Cases to Watch: Applicant Sues to Block Ohio from Using Racial Preferences in the Award of Commercial Marijuana Licenses
In the book, I discuss the lack of racial diversity in the state-licensed commercial marijuana industry, as well as the measures states have adopted to boost minority participation in that industry (pages 454, 520-25). There are several steps states could take to improve diversity, but one of the most direct is to employ some form of racial preferences in the award of commercial marijuana licenses. Indeed, Maryland expressly adopted racial preferences for its medical marijuana licensing system back in 2014 (page 454). However, Maryland’s licensing board abandoned those preferences in 2015 (before awarding any licenses) after the state Attorney General’s Office opined that the preferences would likely violate the Equal Protection Clause of the Fourteenth Amendment (see pages 522-525).
Undeterred (or perhaps unaware of the Maryland developments), Ohio incorporated racial preferences into its own medical marijuana licensing system in 2016. The relevant provision of the Ohio statute (RC section 3796.09(C)) requires the state licensing board (the Department of Commerce) to
“issue not less than fifteen per cent of . . . licenses to entities that are owned and controlled by . . . . [persons who] are members of one of the following economically disadvantaged groups: Blacks or African Americans, American Indians, Hispanics or Latinos, and Asians.”
In 2017, the Department received applications from 36 firms that met the state’s minimum qualifying criteria. The Department then scored and ranked those applications based on their business, operations, quality assurance, security, and financial plans. (The book discusses scoring systems for licensing on pages 446-447. Ohio’s scoring rubric is similar to those of other states and can be found here.) In November 2017, it proceeded to award 12 provisional cultivation licenses. The winners included the top 10 scoring firms, but also applicants ranked 14th and 23rd, respectively.
Now, one unsuccessful applicant (PharmaCann) is suing the Department under 42 U.S.C. Section 1983, claiming that the Department’s decision violated the Equal Protection Clause of the 14th Amendment. PharmaCann was the 12th highest scoring applicant, and it claims that the Department passed it over in favor of the two lower ranking firms (who apparently met the definition of “economically disadvantaged”) to fulfill what is describes as a “racial quota” (complaint, page 5) system established by the Ohio statute quoted above. It is asking an Ohio court to block the Department from applying RC 3796.09(C) and to order it to give one of the challenged licenses to PharmaCann.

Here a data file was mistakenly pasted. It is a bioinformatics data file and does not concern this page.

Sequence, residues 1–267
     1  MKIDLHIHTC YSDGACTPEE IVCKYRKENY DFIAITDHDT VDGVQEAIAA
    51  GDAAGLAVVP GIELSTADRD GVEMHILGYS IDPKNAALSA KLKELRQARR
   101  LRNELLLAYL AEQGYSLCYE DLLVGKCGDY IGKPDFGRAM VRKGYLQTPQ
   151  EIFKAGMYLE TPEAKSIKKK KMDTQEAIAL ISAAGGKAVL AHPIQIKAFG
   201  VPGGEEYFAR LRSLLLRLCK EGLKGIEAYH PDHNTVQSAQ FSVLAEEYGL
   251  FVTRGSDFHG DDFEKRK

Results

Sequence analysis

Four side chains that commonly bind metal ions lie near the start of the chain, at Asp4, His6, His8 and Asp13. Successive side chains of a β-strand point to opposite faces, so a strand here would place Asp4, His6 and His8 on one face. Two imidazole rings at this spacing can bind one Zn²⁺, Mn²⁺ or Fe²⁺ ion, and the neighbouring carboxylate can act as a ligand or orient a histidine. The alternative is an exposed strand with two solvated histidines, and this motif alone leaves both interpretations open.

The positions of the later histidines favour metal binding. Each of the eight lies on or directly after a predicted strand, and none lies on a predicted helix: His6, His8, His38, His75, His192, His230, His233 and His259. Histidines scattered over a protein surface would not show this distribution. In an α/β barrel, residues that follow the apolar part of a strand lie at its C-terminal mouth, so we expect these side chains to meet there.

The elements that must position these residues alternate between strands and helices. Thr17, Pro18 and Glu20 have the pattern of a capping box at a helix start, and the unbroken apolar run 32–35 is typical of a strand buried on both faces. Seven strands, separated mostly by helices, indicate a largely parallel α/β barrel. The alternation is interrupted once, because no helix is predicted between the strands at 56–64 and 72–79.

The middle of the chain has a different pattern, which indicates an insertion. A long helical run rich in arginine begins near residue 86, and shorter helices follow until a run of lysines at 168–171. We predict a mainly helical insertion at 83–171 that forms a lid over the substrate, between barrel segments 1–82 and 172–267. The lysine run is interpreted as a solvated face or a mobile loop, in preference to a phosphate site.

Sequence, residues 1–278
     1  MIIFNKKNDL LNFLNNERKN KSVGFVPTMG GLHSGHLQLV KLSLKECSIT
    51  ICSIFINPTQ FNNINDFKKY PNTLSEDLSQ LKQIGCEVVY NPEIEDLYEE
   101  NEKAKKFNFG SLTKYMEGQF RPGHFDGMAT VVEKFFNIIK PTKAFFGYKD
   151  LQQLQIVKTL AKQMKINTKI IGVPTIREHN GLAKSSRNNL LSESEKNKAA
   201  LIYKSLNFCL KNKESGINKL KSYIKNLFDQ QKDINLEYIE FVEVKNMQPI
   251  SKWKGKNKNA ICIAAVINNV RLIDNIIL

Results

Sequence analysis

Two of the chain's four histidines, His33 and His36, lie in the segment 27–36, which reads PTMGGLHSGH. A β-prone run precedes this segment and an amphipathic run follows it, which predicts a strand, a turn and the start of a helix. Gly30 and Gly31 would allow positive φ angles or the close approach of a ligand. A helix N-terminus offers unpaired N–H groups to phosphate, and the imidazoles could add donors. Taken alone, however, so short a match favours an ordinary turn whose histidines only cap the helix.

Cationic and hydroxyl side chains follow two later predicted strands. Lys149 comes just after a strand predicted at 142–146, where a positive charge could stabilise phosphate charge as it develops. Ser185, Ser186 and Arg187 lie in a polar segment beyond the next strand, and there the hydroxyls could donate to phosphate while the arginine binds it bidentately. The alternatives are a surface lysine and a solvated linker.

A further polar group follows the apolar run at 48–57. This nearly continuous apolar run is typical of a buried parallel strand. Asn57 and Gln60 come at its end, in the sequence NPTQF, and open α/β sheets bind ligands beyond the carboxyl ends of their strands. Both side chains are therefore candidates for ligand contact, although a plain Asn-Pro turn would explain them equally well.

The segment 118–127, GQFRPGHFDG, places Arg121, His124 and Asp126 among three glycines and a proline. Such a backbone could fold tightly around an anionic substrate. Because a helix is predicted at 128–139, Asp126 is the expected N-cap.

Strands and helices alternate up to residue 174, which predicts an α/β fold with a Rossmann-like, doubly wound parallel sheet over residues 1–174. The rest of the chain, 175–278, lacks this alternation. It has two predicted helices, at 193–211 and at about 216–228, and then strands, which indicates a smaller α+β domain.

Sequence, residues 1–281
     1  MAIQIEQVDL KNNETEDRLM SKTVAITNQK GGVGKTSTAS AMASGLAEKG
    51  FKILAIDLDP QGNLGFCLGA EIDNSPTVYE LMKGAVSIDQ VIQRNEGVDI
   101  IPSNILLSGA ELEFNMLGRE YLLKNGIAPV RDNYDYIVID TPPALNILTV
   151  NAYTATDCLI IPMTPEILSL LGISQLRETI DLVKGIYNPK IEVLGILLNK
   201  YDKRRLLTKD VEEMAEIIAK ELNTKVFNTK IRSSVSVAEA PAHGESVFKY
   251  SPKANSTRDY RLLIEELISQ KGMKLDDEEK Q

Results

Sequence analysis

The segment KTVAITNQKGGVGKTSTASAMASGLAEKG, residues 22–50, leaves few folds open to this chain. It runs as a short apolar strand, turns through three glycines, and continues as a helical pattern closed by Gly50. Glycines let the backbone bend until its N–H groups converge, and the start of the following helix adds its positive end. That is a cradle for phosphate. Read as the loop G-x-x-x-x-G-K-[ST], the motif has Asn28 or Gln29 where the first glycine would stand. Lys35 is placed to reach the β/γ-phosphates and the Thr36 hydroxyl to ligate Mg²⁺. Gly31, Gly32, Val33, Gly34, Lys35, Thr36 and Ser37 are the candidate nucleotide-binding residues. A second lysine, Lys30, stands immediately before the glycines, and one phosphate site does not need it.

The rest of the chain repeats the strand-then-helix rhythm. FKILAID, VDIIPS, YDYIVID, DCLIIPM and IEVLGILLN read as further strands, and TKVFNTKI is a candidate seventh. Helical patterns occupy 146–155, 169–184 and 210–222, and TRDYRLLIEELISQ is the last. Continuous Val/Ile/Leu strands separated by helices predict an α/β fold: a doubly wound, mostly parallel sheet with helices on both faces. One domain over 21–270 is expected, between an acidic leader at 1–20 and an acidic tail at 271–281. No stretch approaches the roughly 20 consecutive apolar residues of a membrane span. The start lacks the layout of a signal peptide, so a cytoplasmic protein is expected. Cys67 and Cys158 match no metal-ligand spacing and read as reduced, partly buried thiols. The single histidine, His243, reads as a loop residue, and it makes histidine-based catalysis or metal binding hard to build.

The full complaint can be found here. An article from Cleveland.com describing the suit can be found here. This could be a very important case. As noted above, Maryland’s licensing authority abandoned racial preferences after the State Attorney General’s Office suggested the use of them would be unlawful, so Ohio’s program will likely be the first to be tested in court. The court’s decision could have important ramifications in Ohio and elsewhere for how the states seek to boost minority participation in the licensed marijuana industry.
On a related noted, I’ve organized and will be moderating a Hot Topics panel at the AALS conference in San Diego: The Promise and Pitfalls of the Marijuana Justice Act. (For more information on the MJA, see this earlier post here.) We have a great panel assembled, and much of our discussion will focus on the racial justice issues surrounding marijuana law. If you’ll be at the AALS, please come to the panel. It will be held on Wednesday, January 3, from 1:30-3:15 pm (pacific time), at the Marriott Marquis San Diego Marina, Marina Ballroom E, South Tower/3rd Floor.